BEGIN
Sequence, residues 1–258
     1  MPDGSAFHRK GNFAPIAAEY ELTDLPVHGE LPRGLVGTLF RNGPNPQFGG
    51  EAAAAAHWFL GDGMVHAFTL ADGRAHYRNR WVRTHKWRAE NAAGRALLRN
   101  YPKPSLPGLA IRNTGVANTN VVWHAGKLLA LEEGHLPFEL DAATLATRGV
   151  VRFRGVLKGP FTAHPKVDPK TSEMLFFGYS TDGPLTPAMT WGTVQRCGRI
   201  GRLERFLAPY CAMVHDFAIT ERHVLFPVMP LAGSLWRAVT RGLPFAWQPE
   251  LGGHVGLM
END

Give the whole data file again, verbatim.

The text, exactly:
Sequence, residues 1–258
     1  MPDGSAFHRK GNFAPIAAEY ELTDLPVHGE LPRGLVGTLF RNGPNPQFGG
    51  EAAAAAHWFL GDGMVHAFTL ADGRAHYRNR WVRTHKWRAE NAAGRALLRN
   101  YPKPSLPGLA IRNTGVANTN VVWHAGKLLA LEEGHLPFEL DAATLATRGV
   151  VRFRGVLKGP FTAHPKVDPK TSEMLFFGYS TDGPLTPAMT WGTVQRCGRI
   201  GRLERFLAPY CAMVHDFAIT ERHVLFPVMP LAGSLWRAVT RGLPFAWQPE
   251  LGGHVGLM